The Thirty-First Sunday in Ordinary Time
2018 – Cycle B
Deuteronomy 6:2-6; Psalm 18; Hebrews 7:23-28; Mark 12:28b-34
שְׁמַע יִשְׂרָאֵל יְהוָה אֱלֹהֵינוּ יְהוָה אֶחָֽד
Sh’ma Yisra’eil Adonai Eloheinu Adonai echad.
V’ahav’ta eit Adonai Elohekha b’khol l’vav’kha uv’khol naf’sh’kha uv’khol m’odekha.
“Hear, Israel! The Lord is our God, the Lord is One!
And you shall love the Lord your God with all your heart and with all your soul and with all your might.”
Observant Jews morning and evening pray this prayer from Deuteronomy. Jesus prayed this prayer. He knows it by heart as he speaks to the scribe today.
V’ahav’ta eit Adonai Elohekha “And you shall love the Lord your God…” But what does it mean to love God?
To love someone is to come to know them. But how do we come to know this God of Israel who is invisible, incomprehensible and beyond anything we can imagine? Is that why we are often tempted to put something or someone else before God: our career, our possessions, our ego?
I am reminded of the Virgin Mary as she responds to her cousin Elizabeth: “My soul – my whole being – proclaims – magnifies – the greatness of God and my heart – my spirit – rejoices in God my Saviour.” [Luke 1:46-47]
To whom or what do you and I offer our whole being? In whose service do we place our might and strength? The temptation to put something or someone else before God is great and often subtle. Is that why Jesus links the love of neighbor to the love of the invisible God? The First Letter of John makes the link clear and purposeful. The author is bold: “If anyone says, “I love God,” but hates their sister or brother, they are a liar; for whoever does not love a brother or sister whom they have seen cannot love God whom they have not seen. This is the commandment we have from God: whoever loves God must also love their sister or brother.” [1 John 4:20-21]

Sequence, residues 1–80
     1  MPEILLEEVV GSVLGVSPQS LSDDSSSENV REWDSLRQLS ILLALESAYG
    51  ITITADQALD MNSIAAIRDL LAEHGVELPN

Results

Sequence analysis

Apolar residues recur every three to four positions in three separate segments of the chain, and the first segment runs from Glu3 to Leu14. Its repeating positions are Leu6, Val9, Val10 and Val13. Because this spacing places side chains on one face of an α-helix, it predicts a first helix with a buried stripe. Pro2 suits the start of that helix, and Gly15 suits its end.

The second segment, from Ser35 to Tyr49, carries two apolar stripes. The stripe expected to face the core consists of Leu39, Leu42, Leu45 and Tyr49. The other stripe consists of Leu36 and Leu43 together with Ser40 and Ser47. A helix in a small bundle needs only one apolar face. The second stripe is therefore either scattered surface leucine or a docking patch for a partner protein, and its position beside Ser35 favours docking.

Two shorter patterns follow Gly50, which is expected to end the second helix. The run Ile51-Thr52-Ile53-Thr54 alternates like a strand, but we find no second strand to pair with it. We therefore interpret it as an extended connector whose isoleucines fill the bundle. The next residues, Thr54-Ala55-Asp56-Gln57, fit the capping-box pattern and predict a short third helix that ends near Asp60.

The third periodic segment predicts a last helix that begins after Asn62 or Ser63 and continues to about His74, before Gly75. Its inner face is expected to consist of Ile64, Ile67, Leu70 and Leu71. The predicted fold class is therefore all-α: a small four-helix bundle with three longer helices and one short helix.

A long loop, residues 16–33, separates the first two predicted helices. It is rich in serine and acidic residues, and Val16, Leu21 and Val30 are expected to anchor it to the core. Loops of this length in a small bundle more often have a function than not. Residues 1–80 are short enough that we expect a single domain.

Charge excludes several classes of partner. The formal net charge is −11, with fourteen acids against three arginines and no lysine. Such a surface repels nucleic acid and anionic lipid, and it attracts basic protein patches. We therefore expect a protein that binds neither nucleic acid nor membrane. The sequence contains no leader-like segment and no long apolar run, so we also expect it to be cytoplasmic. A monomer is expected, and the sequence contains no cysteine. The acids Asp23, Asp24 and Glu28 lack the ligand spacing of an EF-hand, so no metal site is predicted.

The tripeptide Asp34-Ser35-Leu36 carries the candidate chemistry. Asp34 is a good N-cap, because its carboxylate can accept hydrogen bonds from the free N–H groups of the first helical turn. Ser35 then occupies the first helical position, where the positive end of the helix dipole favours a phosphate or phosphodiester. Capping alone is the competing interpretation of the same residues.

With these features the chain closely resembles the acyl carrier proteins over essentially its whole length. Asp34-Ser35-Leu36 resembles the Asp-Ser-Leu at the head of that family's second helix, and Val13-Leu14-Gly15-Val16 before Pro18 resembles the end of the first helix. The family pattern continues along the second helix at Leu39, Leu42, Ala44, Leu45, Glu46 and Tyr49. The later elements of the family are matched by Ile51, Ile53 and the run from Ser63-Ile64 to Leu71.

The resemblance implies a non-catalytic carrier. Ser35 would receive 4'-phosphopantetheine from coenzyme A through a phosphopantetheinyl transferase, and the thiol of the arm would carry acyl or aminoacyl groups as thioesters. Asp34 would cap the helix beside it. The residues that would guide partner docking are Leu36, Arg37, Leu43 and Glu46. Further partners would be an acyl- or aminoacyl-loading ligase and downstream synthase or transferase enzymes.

In our very divisive times where people are pitted against each other;
…in the light of the racism and anti-Semitism put on display in Charlottesville and now in Pittsburgh;
…in the rhetoric against refugee women, children and families of Central America trying to escape poverty, drug lords and death;
…in regard to the issue of sexual harassment highlighted by the # Me Too Movement and the international walkout by employees of Google which pits women against men;
…in a world where infants, children and women bear the burden of a civil war in Yemen as they always bear the burden of war;
…in the technological warfare of cyberbullying which has led many an adolescent to suicide – love of neighbor takes on a heavy weight of responsibility and challenge if we are to say that we love God with all our heart and with all our soul and with all our might.
Thomas Merton is one of the most influential Catholic authors of the 20th century. A Trappist monk of the Abbey of Our Lady of Gethsemani, Kentucky, he wrote a collection of essays in 1960 entitled, Disputed Questions. In the chapter entitled Christianity and Totalitarianism, written in light of the experience of World War II, his searing words are eerily apropos for our present world situation and reflection on the love of God.